Out With The Bad Air

Mechanical ventilation removes contaminated air and replaces it with clean
outside air. Ideally, each ventilation system should be designed specifically
to match the type of work and the rate of contaminant release at the workplace.

Having the right ventilation system ensures there are acceptable levels of
contaminants in the air as well as a continuous supply of fresh outside air. It
also maintains temperature and humidity at comfortable levels, reduces the risk
of fire or explosion, and removes or dilutes airborne contaminants, depending
on the design. Ventilation is considered an engineering control, and is one of
the preferred ways to control employee exposure to air contaminants.

For added safety, industrial facilities also can implement controls to
eliminate the use of hazardous chemicals or materials altogether, substitute
with less toxic chemicals, or change the work practice or process to reduce
harmful exposure.

Industrial settings usually require one of two main types of mechanical
ventilation systems: dilution (general) or local exhaust.

Dilution ventilation reduces the concentration of the contaminant by mixing the
contaminated air with clean, uncontaminated air. It supplies and exhausts large
amounts of air to and from an area or building, usually with large exhaust fans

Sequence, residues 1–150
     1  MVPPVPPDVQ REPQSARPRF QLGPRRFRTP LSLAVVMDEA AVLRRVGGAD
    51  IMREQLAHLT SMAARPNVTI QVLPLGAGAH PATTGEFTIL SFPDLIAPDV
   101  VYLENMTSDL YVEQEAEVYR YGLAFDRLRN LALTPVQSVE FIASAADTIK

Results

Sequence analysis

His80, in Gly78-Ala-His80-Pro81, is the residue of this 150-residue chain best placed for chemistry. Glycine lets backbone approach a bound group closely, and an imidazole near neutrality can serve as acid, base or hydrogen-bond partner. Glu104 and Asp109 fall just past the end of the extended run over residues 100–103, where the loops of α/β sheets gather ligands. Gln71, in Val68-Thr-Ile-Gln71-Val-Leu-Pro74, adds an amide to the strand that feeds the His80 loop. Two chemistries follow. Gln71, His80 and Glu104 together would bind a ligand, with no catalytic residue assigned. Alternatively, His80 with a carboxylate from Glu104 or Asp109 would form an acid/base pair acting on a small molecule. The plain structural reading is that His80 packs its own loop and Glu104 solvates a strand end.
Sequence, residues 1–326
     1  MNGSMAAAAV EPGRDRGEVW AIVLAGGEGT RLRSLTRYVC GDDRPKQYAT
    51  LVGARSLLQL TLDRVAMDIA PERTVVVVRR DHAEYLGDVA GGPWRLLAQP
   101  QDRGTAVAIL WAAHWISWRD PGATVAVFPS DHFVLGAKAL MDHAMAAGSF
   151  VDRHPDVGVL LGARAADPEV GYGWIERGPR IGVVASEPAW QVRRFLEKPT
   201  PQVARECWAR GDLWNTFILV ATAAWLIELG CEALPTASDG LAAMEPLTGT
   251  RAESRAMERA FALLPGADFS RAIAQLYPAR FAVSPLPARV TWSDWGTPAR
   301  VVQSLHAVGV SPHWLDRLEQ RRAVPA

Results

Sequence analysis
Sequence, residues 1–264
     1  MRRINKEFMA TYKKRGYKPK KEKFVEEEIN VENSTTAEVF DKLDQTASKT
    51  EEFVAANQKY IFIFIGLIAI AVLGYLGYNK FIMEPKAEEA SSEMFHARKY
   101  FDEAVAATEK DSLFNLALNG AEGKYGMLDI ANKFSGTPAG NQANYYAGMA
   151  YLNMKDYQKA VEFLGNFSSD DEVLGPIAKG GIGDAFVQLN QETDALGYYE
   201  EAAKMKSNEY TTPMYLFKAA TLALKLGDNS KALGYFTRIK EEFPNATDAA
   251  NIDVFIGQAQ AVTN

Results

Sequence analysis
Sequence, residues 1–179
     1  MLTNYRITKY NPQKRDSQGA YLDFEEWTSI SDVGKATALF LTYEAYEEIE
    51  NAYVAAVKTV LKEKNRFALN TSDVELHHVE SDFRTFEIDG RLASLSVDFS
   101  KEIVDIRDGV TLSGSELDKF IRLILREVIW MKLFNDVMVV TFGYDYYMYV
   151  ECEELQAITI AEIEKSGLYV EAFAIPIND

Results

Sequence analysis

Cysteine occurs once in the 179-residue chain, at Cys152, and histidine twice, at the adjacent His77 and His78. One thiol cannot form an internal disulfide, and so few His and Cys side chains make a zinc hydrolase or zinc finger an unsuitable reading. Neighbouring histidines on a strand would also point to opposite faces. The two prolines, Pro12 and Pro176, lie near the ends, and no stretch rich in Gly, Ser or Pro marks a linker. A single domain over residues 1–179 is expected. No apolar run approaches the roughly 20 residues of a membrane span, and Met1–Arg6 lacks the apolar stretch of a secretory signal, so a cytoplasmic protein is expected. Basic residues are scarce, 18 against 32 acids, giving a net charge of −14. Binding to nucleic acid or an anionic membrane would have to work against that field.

placed in the walls or roof. Dilution ventilation works best if the exhaust fan
is located close to exposed workers and the makeup air is located behind the
worker so that contaminated air is drawn away from the worker's breathing zone.

Dilution should only be used in situations where there are fairly low toxic
levels of pollutants, and where workers do not work in the immediate vicinity
of the source of contamination.

Local exhaust ventilation captures contaminants at or very near the source (a
bit like a household vacuum cleaner, with the vacuum head as close as possible
to the dirt) and exhausts them outside. This is generally a far more effective
way of controlling highly toxic contaminants before they reach a worker's
breathing zone.

Use local exhaust ventilation where:

  • Air contaminants pose a serious health or fire risk;

  • Large amounts of dusts or fumes are generated;

  • Increased heating costs from heating large volumes of air in cold weather are
    a concern;

  • Emission sources are few in number; or

  • Emission sources are near the worker's breathing zones.

It's important to realize that any ventilation system will have limitations.
The systems deteriorate over the years and require ongoing maintenance and
testing. It takes a qualified professional to make any modifications to a
ventilation system.

Further Information

AplusA-online.de - Source: Canadian Centre for Occupational Health and Safety